When Talking About Porn Might Cost You Everything

Shelley Martinkus honestly

This is the second in a series of posts about journeying through a husband’s addiction to porn.


 

“I think my husband is watching porn and I’m scared to bring it up because I might lose it all.”

I never suspected Jason was looking at porn.

It never even crossed my mind that he’d look at someone other than me that way.  And yet, deep down I knew something wasn’t right.  The unanswered phone calls, the evenings I spent alone at home waiting for his arrival, our lack of deep connection.  As much as I wanted it to all be ok in my mind, my heart told me something else.

When he told me his half-truth that night some 12 years ago while we were lying in bed, I realized my heart had been talking truth to me all along.  Little did I know, Jason opened the door into his secret world and then he slammed it shut as soon as I started to ask questions.

So I divorced my heart again, deciding to trust Jason instead.  I convinced myself that leaving the past alone was the best way to move forward.  It meant no discussions, no counseling, no grieving for me, no processing together.  Nothing. I convinced myself that I needed to move on because if I brought it up, happily-ever-after would come crashing down all around me.

For nine very long months, my heart sickened.  All the while, my mind continued to convince myself this was the only way. The only way to not lose it all.

Until I couldn’t take it anymore: The bitterness.  The resentment.  The hardening inside my heart.

It took me hitting rock bottom to realize:  I was worthy.  Worthy of using my voice.  Worthy of asking for what I needed to process and grieve.  Worthy of allowing myself to heal.  Worthy of asking for something different from my marriage and from my husband.

Did I know if Jason would choose to change?  No.  It was risky to use my voice because it meant I might lose it all.

Here’s the thing sweet sisters – I’d already lost it all.  I’d lost my voice, my worth, my marriage, myself.  My little world eroded all around me and as much as I wanted to keep it together, I couldn’t.

I suspect I’m not the only one afraid to speak up, to say something for fear of losing it all.  And chances are, the stakes for you are even higher than they were for me 12 years ago.  You might have small children at home, you might be a stay-at-home mom, you may not have worked in decades.  You might be repeating to yourself, “I’m doing this for my children, a divorce will destroy this family.”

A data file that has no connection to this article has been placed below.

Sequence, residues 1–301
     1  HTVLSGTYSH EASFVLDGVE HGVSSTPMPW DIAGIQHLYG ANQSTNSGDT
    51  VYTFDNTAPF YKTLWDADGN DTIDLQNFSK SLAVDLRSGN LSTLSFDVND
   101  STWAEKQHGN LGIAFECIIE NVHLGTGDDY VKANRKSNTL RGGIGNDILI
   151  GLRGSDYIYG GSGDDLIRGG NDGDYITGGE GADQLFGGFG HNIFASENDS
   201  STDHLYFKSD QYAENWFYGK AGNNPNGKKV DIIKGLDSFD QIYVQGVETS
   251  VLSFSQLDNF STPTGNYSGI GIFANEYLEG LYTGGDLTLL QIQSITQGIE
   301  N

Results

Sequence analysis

If this sounds like something you’ve said – first, I want you to know that I get it.  Me too.  I thought that quickly forgiving and moving on would make it all go away.  But it didn’t.  In fact, it got worse.

With that being said, can I share my truth with you?

First, I want you to know that you and your family are worth the risk.  You are worthy of healing.  You are worthy of knowing the truth.  You are worthy of a husband that is faithful to you and only you.

Second, chances are high that your husband doesn’t want to lose you and his family over his porn or affairs (or anything in between).  Chances are high that he can’t believe he’s caused you so much pain (or will cause you pain if you knew the truth).  Hence, the reason it’s a secret he keeps hidden and something the two of you don’t discuss.

Third, remember that you are possibly the only person on the planet who can motivate your husband to make different choices.  And to be clear, this isn’t linked to how you dress, or how different your body looks after having kids, or how much sex you may or may not have with him.  Instead, it’s linked to asking for what you need.  Demanding that life must look different.  And surrendering the outcome.

I’ll never regret the risk I took when I decided I wouldn’t settle for a marriage that wasn’t built on truth.  I knew there were no promises when I took that leap of faith.

I also realized the only way for us to move forward – as a couple and as a family – was for me to use my voice.  To say enough.  And to share how I was feeling and ask for change.

Do you feel you can take that leap of faith?  Maybe it starts with sharing your story with someone you trust.  Maybe it’s finding a counselor to help you figure out the best way to approach your husband and share your heart with him.

Maybe, just maybe, today will be the beginning of something new and different for you.  The day you decided – you are worth it.  And so is your family.


 

I’d love to answer any questions you might have for me.  I can be reached at shelley@rlforwomen.com.

For more resources check out:

Redemptive Living for Women: This is my website where you’ll find a helpful workbook, weekly blog posts and support.

Redemptive Living: My husband Jason’s website where you can find the book he wrote about his journey, free resources for men and more.

Fight the New Drug: An edgy non-profit that advocates for the fight against porn.

This Christianity Today article shares eye-opening recent stats on porn use in Christian circles.


Shelley Martinkus

 

Shelley Martinkus loves to encourage women and has a special place in her heart for women with a similar story to hers.  She is a blogger, speaker and writer.  Her first book, Rescued, was released in 2015 and is a guide to help women survive and thrive after sexual betrayal.  She is proud to call Denver home where she lives with her husband, Jason and their three young boys.  Some of the things that help Shelley survive are comfy pants, running around Wash Park and long talks with Jason after the boys are in bed.  You can connect with Shelley at rlforwomen.com.